In Utopia and elsewhere in Texas, teachers carry guns

In a small Texas town called Utopia, a sign at the entrance to its only school warns that staff members are carrying guns – a measure designed to prevent shootings like the one that killed 19 children and two teachers on the street. road to Uvalde.

Utopia is a dot on the map in the giant Lone Star state, a hamlet of 200 people nestled among hills and fields. It’s only a few blocks, its main street full of shops and not much else.

Like people elsewhere in Texas, the United States in general and even the world, its citizens are still trying to digest what happened 50 km away on Tuesday when a teenager shot Robb Elementary School in Uvalde before to be killed by the police.

It was the latest in a particularly bad string of mass shootings across the United States and the deadliest US school massacre in a decade.

“There’s no 100% way to prevent this stuff from happening,” said Michael Derry, who has led the Utopia School District since 2020.

The only school in town welcomes children ranging from preschool to high school.

“But I think it’s a huge deterrent when you know there are people here who are armed and we will do whatever is necessary to protect our children,” he said.

Texas, where the affinity for guns runs deep, began allowing teachers and school staff to carry guns in 2013, and dozens of schools have adopted the policy.

This defensive measure is once again part of a frenzied national debate over how to stop the unthinkable – children gunned down in their classrooms.

At Utopia, teachers or other staff who wish to carry firearms on the job must apply for and hold a firearms license. The school board then conducts a background check before deciding, Derry said.

He said the policy is also a way to compensate for the lack of law enforcement personnel in the region.

“We’re very isolated in the northeast corner of the county. And now the sheriff’s department is very connected in the southern part of the county, with people crossing the border” from Mexico, Derry said.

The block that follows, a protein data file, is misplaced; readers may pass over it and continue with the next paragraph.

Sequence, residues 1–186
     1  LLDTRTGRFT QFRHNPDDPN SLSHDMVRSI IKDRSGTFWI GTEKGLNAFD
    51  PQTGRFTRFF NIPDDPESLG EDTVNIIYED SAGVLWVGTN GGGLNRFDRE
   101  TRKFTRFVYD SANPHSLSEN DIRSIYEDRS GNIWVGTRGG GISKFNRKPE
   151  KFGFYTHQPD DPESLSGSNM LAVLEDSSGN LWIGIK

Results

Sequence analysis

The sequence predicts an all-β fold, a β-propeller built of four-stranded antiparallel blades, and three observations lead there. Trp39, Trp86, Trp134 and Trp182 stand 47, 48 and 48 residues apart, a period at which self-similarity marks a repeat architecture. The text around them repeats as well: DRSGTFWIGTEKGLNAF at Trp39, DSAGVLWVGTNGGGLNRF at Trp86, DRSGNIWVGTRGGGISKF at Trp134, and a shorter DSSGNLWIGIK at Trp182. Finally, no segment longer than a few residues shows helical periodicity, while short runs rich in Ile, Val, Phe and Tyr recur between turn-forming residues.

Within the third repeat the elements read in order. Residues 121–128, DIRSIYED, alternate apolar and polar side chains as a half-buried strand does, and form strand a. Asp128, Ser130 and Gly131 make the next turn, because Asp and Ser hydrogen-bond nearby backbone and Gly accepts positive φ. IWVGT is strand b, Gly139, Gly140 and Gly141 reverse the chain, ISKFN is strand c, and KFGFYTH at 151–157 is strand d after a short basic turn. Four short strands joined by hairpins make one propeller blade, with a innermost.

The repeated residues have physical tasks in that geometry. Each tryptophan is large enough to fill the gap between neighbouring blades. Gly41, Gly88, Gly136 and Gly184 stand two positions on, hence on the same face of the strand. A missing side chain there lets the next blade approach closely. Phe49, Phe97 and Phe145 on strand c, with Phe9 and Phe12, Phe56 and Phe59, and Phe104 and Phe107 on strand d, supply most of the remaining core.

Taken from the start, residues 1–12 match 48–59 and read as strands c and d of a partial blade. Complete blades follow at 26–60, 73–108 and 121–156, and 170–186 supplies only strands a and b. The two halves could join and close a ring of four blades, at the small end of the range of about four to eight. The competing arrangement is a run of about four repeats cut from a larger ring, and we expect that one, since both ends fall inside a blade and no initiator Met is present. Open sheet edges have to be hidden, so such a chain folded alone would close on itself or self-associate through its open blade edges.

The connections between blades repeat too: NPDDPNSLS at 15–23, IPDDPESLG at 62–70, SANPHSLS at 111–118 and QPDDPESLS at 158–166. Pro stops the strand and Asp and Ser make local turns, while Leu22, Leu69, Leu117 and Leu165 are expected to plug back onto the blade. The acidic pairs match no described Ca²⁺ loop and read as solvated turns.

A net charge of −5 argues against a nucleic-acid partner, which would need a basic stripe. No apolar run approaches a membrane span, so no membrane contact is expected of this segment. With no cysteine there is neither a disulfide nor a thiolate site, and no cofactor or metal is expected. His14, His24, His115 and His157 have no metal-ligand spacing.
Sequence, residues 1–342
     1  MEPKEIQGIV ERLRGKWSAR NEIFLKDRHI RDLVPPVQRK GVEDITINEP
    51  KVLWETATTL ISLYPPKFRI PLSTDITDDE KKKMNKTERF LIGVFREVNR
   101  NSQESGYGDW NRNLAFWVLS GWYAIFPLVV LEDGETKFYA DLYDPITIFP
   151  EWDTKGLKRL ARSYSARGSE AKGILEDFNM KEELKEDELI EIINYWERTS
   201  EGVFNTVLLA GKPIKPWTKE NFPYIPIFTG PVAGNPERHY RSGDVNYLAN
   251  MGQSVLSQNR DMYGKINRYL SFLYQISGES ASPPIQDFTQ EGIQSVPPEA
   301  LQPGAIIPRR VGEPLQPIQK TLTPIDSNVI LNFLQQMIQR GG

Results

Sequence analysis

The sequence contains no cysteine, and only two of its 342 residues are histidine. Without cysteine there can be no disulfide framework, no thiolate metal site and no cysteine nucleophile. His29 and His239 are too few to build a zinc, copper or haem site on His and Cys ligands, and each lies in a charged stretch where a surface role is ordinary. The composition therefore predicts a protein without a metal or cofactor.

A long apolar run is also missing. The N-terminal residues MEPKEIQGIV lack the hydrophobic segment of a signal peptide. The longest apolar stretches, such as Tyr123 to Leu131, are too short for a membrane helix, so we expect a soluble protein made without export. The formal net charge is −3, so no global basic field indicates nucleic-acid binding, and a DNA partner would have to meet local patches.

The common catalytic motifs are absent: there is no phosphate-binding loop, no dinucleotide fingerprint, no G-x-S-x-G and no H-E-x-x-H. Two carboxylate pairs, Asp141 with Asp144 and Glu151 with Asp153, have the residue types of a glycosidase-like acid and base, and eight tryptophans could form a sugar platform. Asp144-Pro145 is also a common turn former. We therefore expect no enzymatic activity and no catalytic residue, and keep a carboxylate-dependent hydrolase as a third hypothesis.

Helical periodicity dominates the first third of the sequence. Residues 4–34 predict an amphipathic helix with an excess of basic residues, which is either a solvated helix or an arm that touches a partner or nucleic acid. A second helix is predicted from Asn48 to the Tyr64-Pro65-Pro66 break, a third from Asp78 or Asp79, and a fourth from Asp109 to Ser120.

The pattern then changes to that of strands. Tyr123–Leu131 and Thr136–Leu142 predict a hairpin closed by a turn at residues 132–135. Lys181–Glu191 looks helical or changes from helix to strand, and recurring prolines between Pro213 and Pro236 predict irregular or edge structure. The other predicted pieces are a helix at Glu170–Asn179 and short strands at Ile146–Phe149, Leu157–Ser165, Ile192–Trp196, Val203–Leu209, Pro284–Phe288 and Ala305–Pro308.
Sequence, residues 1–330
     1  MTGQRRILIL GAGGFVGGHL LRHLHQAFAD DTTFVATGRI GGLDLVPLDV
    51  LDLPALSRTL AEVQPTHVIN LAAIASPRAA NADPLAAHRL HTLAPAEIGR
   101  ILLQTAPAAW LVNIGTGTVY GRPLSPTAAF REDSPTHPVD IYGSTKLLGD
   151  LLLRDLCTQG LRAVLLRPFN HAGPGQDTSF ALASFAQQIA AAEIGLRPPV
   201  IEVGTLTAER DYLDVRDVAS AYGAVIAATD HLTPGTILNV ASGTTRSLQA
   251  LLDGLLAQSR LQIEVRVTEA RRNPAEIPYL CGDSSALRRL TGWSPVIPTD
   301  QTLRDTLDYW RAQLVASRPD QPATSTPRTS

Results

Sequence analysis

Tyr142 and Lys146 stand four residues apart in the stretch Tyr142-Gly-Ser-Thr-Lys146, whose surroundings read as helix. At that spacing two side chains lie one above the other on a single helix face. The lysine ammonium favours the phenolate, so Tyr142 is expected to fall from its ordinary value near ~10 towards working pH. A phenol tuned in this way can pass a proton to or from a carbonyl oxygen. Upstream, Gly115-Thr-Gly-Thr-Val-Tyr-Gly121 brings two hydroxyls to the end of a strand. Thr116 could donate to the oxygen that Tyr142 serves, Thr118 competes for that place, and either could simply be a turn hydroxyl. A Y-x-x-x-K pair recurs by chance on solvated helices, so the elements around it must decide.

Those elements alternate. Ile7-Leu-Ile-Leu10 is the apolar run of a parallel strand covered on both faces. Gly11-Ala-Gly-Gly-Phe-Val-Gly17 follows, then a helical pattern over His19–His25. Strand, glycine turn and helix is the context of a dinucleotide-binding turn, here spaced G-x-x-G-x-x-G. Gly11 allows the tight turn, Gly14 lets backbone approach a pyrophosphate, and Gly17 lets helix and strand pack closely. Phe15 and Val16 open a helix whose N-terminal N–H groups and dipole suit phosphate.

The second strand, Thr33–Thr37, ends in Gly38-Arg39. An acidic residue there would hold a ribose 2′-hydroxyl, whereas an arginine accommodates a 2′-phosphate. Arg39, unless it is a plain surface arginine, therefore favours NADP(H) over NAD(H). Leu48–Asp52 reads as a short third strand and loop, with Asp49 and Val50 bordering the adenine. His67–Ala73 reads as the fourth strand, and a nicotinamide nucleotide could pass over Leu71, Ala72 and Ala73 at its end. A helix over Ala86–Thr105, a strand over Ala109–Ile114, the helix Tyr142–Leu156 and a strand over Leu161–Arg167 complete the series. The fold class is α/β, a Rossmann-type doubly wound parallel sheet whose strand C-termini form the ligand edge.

“So we need at least 25 or 30 minutes to be able to get law enforcement here. It’s too late,” he added.

In a classroom with a display case showing school sports trophies, science teacher Bryson Dalrymple, cries thinking about the shooting in Uvalde, where he grew up.

“It’s heartbreaking and scares me for the kids,” said Mr Dalrymple, who is also the school’s chief security officer.

He said having armed teachers is a way “to eliminate the problem before it gets worse”.

Texas Attorney General Ken Paxton went on Fox News on Tuesday after the Uvalde massacre and said more schools should arm their staff.

“We can’t stop bad people from doing bad things,” he said, echoing the pro-gun rights argument that thugs are to blame for mass shootings, rather than how easy it is to buy a gun in the United States.

“We can potentially arm, prepare and train teachers and other administrators to respond quickly. That, in my view, is the best response,” Paxton said.

The National Education Association rejects this idea.

“Bringing more guns to schools makes schools more dangerous and does nothing to protect our students and educators from gun violence,” NEA President Becky Pringle said in a statement this week.

“We need fewer guns in schools, not more. Teachers should teach, not act like armed security guards,” she added.

Sugar Bennett, whose son Jason attends Utopia Elementary School, said she initially opposed his policy of arming teachers but changed her mind when she saw mass shootings after mass shootings in the United States.

“It makes me feel safer,” said Ms Bennett, sitting at Lost Maples, one of Utopia’s few restaurants.

Sitting across from her, Jason said he supports teachers carrying guns, especially after the Uvalde tragedy.

“They have enough experience with weapons to be able to protect us,” he said.

A few blocks from the restaurant, back in the classroom filled with sports trophies, Mr Dalrymple said he would do anything to protect his students.

“The children here are like mine. And if ever something bad happened like that, I would give my last breath to defend these children,” he said.